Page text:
There are times when even the widest lens won’t capture a scene as you want it. So why not try a panorama? It’s easier than you think.
I haven’t done a panorama in a long time. Actually, I can’t remember the last time I did. My Fuji x100s has a built in panorama feature, but I wanted to create my own. I was out shooting some sunset photos with an amusement park in the background and decided to give it a shot. I did it a bit quickly and there are some elements in the image that aren’t perfect. But when things aren’t perfect, that just leaves room for improvement, right?
So what is a panorama? It’s when you take multiple images of a scene and stitch them together via a software. How many images is up to you. Some people do it with vertical photos, some with horizontals. I was already shooting horizontals so I didn’t bother changing my camera angle.
What you need:
A camera. Panos can work with pretty much any camera
A tripod. The key to a good pano is keeping your camera centered and not moving. You could always hand hold it, but you need to make sure the camera is as stationary as possible. Plus the tripod allows for easier panning.
An interesting scene. Yep.
TIP: make sure there are obvious elements in each of your photos that overlap. The more elements the software can detect to merge the shots into one, the better. I believe I left about 1/4 on the edge of the frame as overlap from shot to shot
Here are the 16 images I took. The images are all done at 24mm and f/22 (it was still somewhat light out and I wanted to blur the movement in the water as much as I could)
I essentially did one pass with 4 images with the horizon line at the top, another with the horizon line in the middle and a last 4 image pass with the horizon line at the top. I was not shooting in Manual mode *gasp*, hence the variety in exposures in some of the images. The horizon line isn’t perfectly level. Like I said, I did this quickly to see what the result would look like.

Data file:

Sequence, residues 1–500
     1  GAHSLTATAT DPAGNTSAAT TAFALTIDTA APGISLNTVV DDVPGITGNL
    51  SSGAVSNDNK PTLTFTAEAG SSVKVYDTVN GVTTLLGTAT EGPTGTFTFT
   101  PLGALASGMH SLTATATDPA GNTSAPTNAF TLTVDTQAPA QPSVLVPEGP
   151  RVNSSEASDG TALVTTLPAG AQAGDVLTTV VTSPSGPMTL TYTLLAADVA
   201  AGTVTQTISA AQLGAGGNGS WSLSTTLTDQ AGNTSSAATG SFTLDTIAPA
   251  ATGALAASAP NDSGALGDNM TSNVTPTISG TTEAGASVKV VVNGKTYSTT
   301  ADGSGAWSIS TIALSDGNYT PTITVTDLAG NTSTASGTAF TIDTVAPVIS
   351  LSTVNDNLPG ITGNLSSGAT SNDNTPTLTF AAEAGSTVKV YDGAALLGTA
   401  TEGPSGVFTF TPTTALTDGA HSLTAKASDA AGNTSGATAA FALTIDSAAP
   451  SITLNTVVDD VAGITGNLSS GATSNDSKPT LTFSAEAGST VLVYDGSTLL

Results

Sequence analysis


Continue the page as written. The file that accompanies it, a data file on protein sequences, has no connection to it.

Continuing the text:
I did some basic editing of the images in Lightroom and then I simply selected the 16 images and clicked on EDIT IN and then Merge to Panorama in Photoshop.
Photoshop automatically opened, I selected whatever Automatic option it gave me and let it process the merge. It took a bit of time as these are RAW files, so they are pretty big. The end result was an image that is 15,500 pixels wide! Pretty big!
I then cropped down the image to remove the blank parts (and part of the left hand side as it was a bit brighter than the rest), straightened the image, and then I clicked on FILE – SAVE and I now had a new totally merged file appear in my Lightroom! I did some processing as I would on any other image in Lightroom and my panorama is d-o-n-e !
So when should you do a panorama? Whenever you want! There is no rule here. When you see a scene and you want to capture more than what you camera can do, go ahead and take multiple shots to be used later. I prefer to take more shots when at a place then less, as I don’t know when I’ll be back there.
– Keeping your camera in manual mode will ensure the exposure is consistent in all images
– Having a tripod that is leveled will help the software properly merge the images. Mine wasn’t and you can see a few lines that aren’t perfectly aligned. I could fix them up, but hey, I’m lazy.
– Do some basic adjustments in Lightroom before sending to Photoshop. Nothing major, and make sure the adjustments are the same in all images. Do the final editing when the merge is done.
– Lock your focus. More important when you are shooting wide (f/2.8 – f/5.6) as the depth of field might change as you take each image. If you focus for your first shot, switch your lens to Manual Focus so it doesn’t refocus again for each image.
– Experiment, try, enjoy, have fun.
There ya have it, how to do panos!
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